Explore Palm Springs: Thomas O'Donnell
Multimillionaire's home still sits atop a hill overlooking Palm Springs
(From left) Dr. Winnifred Willis Jenny and her husband, Thomas O'Donnell, sit with Nellie Coffman watching a rodeo at the Field Club.
Courtesy of Palm Springs Historical Society
The Limelight News, the only home-owned, home-published, home-printed newspaper in Palm Springs announced in the Feb. 22, 1945 edition that the beloved pioneer resident and philanthropist Thomas O’Donnell had died.
Many Palm Springs residents paid final tribute, and city offices and businesses closed for several hours at midday. Chimes were rung from the public address system on the hillside at 12:15 and 12:30 p.m. announcing to the hundreds of Villagers, including many of O’Donnell’s oldest and closest friends, that the memorial service was about to start.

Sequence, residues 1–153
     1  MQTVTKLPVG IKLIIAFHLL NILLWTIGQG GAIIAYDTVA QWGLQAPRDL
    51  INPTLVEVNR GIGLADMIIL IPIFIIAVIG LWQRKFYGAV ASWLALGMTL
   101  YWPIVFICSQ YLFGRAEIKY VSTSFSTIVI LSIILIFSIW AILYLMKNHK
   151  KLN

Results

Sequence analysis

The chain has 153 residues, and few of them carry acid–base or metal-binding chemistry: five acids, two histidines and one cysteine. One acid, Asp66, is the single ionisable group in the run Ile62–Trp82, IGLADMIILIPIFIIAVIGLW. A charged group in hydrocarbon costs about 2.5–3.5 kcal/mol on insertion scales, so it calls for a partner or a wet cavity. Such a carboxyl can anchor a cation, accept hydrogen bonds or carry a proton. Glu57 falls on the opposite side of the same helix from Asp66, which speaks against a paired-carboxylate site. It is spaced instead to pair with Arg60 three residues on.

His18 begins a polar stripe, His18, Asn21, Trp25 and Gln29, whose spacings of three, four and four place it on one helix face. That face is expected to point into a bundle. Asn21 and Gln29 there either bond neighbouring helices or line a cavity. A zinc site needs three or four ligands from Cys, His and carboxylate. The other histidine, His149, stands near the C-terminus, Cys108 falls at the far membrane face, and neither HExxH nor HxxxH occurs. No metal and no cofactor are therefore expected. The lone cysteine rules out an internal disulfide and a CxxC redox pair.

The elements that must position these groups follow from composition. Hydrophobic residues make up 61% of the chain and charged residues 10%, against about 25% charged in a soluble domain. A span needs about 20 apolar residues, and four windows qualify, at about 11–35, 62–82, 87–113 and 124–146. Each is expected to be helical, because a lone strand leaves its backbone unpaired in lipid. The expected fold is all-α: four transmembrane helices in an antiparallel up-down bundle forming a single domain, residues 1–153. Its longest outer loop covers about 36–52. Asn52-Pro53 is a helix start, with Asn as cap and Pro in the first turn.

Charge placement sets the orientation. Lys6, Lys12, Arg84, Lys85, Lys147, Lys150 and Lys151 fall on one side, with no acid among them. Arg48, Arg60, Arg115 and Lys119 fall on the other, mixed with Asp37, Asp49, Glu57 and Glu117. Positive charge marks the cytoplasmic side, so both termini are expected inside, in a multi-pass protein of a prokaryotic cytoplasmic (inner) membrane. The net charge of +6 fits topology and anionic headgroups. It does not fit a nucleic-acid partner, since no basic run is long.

The service was held at the entrance gate of the O’Donnell golf course. Simultaneously, services were held in Los Angeles.
O’Donnell came to Palm Springs in the early 1920s seeking relief from a respiratory condition. He stayed at the Desert Inn and enjoyed “Mother” Nellie Coffman’s well-known hospitality. A friendship ripened between the two and it grew into an advantageous business arrangement.
Coffman’s wish to rebuild and expand The Desert Inn and O’Donnell’s desire for a separate home resulted in a deal. W.C. Tanner served as the architect of both projects, and Coffman served as building contractor and straw boss. O’Donnell also had a private golf course added to his estate.
He had been suffering from a heart ailment for many years and built a home (now the clubhouse at the O’Donnell Golf Club) that was easier to get to than his mansion built on the hill looking over the village that he loved.
He was removed by ambulance from his Palm Springs home and taken to Wilshire Hospital in Los Angles, and it was there that he passed away.